Modern audiences exposed only to the likes of the Pink Panther and Cheaper By the Dozen franchises may not know it, but Steve Martin is a very funny man. Recently, his wit and style of goofy comedy found an internet home on his Twitter feed, and the internet responded with 3 million followers and counting -- enough for Martin to turn his Tweets into a book and proving to fans (like myself) that he's still got it, even if they haven't been able to see "it" on movie screens. So, what better time than now for some enterprising studio, in this case Shout! Factory, to release a box set of the TV specials from the 1970s and beyond that helped make him famous?
"Steve Martin: The Television Stuff" consists of six specials -- "On Location With Steve Martin" (1976), "Steve Martin: "A Wild and Crazy Guy" (1978), "Steve Martin: Comedy is Not Pretty" (1980), "All Commercials: A Steve Martin Special" (1980), "Steve Martin's Best Show Ever" (1981), and "Homage to Steve" (1984), including his full performance at the Universal Ampitheater in 1979 -- and a selection of other appearances at awards dinners, on "Saturday Night Live," "Late Night With David Letterman," and other odds and ends. The second special, "A Wild and Crazy Guy," was originally presented with the 1979 Universal performance integrated into the special, but since the special is presented in its entirety during "Homage to Steve," those segments have been edited out.
Personally, the highlights for me are his stand-up material. "On Location" isn't always completely focused, jumping from topic to topic, but it's a nice introduction to his style of comedy. Martin has a background in magic and working as a carnival barker, and his act cleverly jumps between broad physical comedy and his own sharp wit. Martin hits himself with his microphone, plays his banjo with his nose, and gets a spontaneous case of "happy feet," confides to the audience through his performance that it's all a put on, then mocks his own attempts at supposed comic sophistication. "Let's face it," he tells the audience, "some people have a way with words, and some people, uh...not have way, I guess." The best bit is a juggling routine that combines remarkably deft physical comedy with the broad simplicity of an audience member throwing an orange. The later Universal Ampitheatre show, presented on Disc 2, is a nice companion piece to "On Location," featuring maybe 30% of the same material, refined, re-arranged, and polished, with new material worked in around it.
"A Wild and Crazy Guy" was made shortly before Martin would make The Jerk, and you can see the seeds of the movie all over the sketches in this special. The sketch where Martin buys a car that's upside-down only feels a generation of wackiness removed from a gang of thugs dragging a church down the street, and the special ends with a segment where Martin plays himself as a bum the same way he plays Navin Johnson as a bum. Other inspired sequences include Martin as a cowboy who only rides turtles, his quest to stop people from turning dumps into parks, and "ballet parking." Despite having had the stand-up material excised, this special plays pretty smoothly, with the exception of a couple "internal narration" segues designed to cut from the stand-up to the sketches.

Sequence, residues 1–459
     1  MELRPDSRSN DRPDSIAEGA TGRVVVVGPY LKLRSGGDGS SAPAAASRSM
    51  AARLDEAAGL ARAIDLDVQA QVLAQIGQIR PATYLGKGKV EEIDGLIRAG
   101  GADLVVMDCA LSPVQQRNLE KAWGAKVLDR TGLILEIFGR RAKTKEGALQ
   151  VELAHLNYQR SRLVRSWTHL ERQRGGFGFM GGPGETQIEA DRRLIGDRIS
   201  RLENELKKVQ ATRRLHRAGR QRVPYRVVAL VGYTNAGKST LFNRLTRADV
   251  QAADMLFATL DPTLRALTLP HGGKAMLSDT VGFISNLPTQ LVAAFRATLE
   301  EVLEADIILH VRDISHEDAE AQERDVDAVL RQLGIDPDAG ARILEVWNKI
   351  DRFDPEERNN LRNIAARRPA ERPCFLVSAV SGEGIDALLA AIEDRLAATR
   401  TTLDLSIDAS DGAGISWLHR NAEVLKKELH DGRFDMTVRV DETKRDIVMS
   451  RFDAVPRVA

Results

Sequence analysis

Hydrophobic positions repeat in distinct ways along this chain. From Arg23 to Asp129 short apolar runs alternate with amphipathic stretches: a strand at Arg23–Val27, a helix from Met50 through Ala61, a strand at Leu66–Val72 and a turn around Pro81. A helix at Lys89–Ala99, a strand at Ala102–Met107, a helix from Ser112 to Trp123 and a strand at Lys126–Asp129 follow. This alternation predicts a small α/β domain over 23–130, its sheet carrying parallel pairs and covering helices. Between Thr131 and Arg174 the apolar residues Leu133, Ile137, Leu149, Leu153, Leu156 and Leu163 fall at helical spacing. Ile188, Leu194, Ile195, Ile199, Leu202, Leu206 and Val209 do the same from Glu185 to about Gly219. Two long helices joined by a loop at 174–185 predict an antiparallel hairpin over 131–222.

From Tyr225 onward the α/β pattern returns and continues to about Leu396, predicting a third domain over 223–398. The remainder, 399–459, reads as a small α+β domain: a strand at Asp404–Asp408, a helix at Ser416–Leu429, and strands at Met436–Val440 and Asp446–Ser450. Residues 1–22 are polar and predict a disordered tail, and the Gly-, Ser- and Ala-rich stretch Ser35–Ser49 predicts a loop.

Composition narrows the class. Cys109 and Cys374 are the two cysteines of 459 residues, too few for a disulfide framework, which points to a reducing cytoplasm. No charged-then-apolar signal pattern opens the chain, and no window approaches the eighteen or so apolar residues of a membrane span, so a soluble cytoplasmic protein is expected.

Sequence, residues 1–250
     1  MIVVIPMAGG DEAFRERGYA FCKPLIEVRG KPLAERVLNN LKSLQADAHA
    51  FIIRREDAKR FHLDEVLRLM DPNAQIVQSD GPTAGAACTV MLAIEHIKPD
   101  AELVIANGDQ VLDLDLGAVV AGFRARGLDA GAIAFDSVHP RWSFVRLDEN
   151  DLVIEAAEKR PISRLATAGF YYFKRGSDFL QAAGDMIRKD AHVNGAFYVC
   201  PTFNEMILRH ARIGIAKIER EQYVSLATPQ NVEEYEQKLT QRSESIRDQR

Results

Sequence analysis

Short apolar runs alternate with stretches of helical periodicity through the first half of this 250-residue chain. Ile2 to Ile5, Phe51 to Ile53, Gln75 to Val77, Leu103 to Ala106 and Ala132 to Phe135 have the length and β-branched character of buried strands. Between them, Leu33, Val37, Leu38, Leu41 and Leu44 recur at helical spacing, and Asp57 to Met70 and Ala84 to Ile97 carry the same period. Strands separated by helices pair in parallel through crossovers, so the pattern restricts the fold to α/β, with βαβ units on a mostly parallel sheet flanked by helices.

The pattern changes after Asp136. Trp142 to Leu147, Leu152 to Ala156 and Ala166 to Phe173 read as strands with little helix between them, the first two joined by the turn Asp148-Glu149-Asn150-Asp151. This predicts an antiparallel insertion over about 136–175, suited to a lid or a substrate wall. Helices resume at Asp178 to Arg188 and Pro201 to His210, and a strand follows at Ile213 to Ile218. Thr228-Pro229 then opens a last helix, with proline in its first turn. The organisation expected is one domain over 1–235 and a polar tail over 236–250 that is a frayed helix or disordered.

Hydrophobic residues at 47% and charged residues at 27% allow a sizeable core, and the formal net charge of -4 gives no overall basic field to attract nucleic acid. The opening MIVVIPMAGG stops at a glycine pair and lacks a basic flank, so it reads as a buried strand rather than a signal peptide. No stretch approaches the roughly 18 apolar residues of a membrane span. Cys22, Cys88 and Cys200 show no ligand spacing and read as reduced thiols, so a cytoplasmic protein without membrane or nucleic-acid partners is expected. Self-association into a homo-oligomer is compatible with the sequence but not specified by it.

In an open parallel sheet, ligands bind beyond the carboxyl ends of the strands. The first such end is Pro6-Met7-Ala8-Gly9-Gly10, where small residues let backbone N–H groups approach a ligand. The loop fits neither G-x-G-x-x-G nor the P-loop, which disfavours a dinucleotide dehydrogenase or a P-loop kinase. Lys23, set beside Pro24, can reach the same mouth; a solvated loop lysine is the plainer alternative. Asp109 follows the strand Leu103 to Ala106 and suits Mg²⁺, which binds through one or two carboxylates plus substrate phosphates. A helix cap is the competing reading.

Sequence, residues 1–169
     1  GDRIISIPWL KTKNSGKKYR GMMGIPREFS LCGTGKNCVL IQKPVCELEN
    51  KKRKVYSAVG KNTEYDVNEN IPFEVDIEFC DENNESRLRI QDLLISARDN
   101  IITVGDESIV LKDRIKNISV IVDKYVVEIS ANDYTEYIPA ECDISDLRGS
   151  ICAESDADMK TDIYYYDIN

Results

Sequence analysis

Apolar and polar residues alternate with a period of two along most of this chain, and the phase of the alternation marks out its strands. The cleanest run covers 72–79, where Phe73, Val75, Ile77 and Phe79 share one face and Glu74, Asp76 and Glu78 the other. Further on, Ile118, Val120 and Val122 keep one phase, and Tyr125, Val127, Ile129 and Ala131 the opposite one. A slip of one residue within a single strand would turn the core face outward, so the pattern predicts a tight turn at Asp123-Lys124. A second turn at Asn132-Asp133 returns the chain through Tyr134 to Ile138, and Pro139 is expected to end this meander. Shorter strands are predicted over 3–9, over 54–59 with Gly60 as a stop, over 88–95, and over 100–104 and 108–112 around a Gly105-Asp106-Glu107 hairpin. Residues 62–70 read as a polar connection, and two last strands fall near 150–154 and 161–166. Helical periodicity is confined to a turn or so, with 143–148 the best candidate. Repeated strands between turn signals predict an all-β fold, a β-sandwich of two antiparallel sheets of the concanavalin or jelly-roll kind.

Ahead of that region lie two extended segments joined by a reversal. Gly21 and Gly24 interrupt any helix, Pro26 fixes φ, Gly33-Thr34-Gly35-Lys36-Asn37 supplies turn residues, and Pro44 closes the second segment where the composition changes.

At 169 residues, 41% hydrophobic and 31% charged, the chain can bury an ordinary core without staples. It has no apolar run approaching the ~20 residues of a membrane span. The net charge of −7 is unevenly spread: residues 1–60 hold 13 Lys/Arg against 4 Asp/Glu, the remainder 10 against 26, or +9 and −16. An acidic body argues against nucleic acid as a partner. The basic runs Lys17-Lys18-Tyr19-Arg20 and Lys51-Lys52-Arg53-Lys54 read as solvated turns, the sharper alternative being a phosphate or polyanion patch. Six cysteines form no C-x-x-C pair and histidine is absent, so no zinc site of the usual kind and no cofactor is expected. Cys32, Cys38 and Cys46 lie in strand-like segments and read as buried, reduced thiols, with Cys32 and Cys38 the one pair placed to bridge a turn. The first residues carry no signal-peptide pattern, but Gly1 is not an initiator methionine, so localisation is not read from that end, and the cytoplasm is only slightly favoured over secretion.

Some of the other material is a little more hit and miss. Nothing against the sketches in "Comedy is Not Pretty" and "Steve Martin's Best Show Ever," (and to a lesser extent, "All Commercials") but much of it is just "good" and not "great." Notable exceptions include "The Elephant Guy", co-starring Dan Aykroyd and Bill Murray, "Drunk Steamroller Driving," and "New York, New York," the musical introduction to "Best Show Ever." Disc 2 also includes Martin's Oscar-winning short The Absent-Minded Waiter, and a funny little bit with Steve teaching comedy to Alan King, Henny Youngman, David Letterman and Paul Simon (last seen on laserdisc). Finally, the odds and ends on Disc 3 are almost all gold, hand-picked from countless television appearances. The stand-out bits include his four awards dinner speeches and "Jean-Pierre Louey," a hidden gem of supreme silliness from a Johnny Cash TV special. Martin's delivery is spot-on and the jokes are absurd perfection ("Hewis, Dewis, and Lewis"); it's of the best clips in the whole set. Some fans will probably be disappointed that there isn't more from his 15 "Saturday Night Live" appearances, but the three clips chosen here, including "Steve Martin's Penis Beauty Creme," are pretty great nonetheless.